Article and photos by Danielle Skerman
Depth of Field? what the heck is that? This is the response I initially get when I first start to explain it!
In a nutshell, Depth of Field (DOF)is the area that is IN focus in your photo! The blurry bit is the ‘out of focus bits’ Look at picture 1, and you can see this demonstrated.
If it is a teeny weenie bit out of focus in the industry we like to call that just a bit ‘soft’ lol.. just another jargon of photographer talk for you!
OK, back to depth of field. How do you control it and make it work for you? Let us first look at how to get the blurry background look to get this you need to have a small or shallow DOF. To achieve this, it can be done in two ways.. the technical way and the simple way. The simple way is often the most used, however often doesn’t create as much of a dramatic result as you might like.
So what are the ways you ask! Well, the technical way is in the lens the f-stop or aperture has to be wide opens and the simple way is to use a zoom lens at full zoom!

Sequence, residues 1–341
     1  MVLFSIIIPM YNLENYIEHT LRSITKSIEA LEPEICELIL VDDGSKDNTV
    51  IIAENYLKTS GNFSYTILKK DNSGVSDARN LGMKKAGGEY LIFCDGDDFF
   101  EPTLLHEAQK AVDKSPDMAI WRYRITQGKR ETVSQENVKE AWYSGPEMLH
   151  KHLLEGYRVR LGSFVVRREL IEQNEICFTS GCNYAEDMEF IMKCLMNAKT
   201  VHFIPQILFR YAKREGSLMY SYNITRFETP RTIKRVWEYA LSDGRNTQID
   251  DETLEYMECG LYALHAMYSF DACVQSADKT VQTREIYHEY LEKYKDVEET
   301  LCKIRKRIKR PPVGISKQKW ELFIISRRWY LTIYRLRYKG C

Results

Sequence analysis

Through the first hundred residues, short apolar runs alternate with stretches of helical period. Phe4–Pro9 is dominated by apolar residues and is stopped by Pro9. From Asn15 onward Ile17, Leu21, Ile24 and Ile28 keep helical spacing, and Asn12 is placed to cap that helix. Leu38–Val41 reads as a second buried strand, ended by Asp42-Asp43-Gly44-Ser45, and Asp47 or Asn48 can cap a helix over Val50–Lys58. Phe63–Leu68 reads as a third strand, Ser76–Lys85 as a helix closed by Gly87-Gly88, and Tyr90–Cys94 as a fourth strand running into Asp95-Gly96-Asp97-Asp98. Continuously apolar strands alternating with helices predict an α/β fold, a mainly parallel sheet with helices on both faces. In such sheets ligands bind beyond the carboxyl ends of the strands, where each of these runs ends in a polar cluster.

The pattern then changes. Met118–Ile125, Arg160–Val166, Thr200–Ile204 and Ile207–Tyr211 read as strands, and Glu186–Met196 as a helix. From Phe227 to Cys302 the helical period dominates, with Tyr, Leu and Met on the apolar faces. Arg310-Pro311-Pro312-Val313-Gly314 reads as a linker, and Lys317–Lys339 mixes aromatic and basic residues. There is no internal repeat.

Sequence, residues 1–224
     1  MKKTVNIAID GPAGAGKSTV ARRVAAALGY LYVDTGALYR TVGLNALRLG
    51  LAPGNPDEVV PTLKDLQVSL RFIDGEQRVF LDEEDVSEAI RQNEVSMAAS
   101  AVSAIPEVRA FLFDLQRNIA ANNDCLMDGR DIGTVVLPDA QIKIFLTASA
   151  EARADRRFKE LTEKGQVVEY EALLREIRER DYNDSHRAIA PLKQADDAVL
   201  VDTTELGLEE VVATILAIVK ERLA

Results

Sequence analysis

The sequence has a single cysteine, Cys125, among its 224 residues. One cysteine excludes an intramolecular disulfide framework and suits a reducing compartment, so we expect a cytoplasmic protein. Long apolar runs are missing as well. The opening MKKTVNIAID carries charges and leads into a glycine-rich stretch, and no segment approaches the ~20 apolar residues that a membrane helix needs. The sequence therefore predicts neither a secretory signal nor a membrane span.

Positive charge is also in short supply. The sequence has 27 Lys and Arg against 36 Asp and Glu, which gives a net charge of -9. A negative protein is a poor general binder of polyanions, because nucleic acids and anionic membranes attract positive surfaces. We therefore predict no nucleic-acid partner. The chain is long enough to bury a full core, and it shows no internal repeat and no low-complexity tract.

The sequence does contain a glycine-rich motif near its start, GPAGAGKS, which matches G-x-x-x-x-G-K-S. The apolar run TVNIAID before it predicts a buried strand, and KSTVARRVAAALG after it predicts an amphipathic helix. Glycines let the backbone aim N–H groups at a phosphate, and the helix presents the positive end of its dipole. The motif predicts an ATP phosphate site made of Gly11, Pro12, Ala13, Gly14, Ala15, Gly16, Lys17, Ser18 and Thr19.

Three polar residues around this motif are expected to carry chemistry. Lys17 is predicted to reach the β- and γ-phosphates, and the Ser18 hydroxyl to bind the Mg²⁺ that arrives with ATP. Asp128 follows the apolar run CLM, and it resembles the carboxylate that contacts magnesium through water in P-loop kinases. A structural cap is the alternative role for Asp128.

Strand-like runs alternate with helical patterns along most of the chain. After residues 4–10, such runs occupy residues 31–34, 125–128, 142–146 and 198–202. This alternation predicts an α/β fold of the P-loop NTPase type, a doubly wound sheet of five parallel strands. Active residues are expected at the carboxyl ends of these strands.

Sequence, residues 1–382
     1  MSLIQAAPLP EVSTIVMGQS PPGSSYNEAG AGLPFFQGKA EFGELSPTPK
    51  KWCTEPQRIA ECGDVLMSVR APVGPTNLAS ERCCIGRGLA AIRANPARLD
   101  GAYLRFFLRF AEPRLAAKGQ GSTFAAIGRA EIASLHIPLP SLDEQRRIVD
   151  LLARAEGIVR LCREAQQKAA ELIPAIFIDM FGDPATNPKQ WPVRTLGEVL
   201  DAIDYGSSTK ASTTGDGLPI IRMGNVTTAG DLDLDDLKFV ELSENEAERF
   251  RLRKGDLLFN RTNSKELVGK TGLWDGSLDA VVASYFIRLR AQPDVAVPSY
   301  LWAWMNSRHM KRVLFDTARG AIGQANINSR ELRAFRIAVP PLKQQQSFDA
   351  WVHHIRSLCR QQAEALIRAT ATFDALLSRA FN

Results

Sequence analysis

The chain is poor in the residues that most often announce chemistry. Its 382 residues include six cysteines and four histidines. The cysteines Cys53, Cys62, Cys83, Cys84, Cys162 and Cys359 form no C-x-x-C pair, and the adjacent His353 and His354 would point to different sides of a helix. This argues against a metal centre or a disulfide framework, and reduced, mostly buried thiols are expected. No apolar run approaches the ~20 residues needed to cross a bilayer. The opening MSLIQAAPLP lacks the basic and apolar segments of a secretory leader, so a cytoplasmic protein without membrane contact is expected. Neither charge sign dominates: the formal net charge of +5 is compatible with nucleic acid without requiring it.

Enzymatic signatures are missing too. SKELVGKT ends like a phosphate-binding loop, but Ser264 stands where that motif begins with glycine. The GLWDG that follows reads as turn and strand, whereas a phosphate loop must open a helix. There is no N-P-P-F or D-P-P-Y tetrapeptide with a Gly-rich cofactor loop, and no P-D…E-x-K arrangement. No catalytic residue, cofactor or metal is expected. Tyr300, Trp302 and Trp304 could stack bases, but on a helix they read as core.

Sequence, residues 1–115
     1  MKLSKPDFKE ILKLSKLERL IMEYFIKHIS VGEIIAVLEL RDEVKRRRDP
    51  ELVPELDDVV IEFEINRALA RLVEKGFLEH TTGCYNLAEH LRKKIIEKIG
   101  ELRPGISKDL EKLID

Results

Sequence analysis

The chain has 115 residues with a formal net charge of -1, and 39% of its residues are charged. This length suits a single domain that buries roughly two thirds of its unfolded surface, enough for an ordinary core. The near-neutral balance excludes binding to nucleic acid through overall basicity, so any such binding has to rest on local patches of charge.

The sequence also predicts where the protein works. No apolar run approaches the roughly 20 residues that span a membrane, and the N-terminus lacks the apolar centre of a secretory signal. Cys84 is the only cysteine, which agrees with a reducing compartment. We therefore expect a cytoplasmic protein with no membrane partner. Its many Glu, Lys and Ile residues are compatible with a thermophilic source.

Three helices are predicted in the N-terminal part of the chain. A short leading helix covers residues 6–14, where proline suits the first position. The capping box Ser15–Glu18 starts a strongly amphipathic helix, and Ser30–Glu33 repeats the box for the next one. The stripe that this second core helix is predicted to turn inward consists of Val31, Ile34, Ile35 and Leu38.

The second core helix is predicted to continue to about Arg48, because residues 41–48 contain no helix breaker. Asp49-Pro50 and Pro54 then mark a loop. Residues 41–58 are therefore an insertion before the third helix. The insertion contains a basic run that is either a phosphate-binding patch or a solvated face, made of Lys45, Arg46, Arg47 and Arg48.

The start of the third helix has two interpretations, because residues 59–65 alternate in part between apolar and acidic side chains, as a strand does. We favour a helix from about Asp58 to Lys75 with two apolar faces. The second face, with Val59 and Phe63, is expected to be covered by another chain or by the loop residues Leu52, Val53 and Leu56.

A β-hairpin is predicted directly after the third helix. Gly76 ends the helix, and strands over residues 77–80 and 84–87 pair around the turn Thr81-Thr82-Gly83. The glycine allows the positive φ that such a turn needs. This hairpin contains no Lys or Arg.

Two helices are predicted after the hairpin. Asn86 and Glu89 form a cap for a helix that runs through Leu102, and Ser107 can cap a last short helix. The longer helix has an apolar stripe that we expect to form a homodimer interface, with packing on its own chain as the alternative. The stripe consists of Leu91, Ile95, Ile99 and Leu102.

For those who would like to understand the technical way its to do with the size of the f-stop or aperture – how wide the shutter (the shutter is the cover to the area that captures the image. It always opens in a circular manner) opens when taking a photo. The wider it is results in the smaller or more shallow is the area that is going to be in focus. The smaller it is the larger the area that is going to be in focus. The confusing part (sorry to do this to you! ) is that smaller the f number the larger the hole is.. or the larger the number the smaller the hole! The two diagrams below might help give you a better understanding of what this is.
So how does this help me, you may ask? Well, if you are wanting to take a beautiful photo of your gorgeous horses head and would like to have it all blurry in the background you’ll need a small DOF or use a small number like f2 or f4 on the lens (hmm.. now days its in the digital camera bit! Often seen as a AV control, you’ll need to know your camera for that! ) Having said that, if you are trying to photograph your horse in action, go for a larger number or greater area in focus. This is because it is too easy to miss the important parts in focus! Nothing is more annoying that a cracking great shot…. out of focus!
OK… back to the easier way! Step back and zoom right in! When using zoom lenses they naturally reduce the focus plain with the telephoto lenses. Therefore, when you put the lens in full zoom it automatically reduces the DOF. However isn’t always as blurry, but it will do the job! For optimum results do the two together!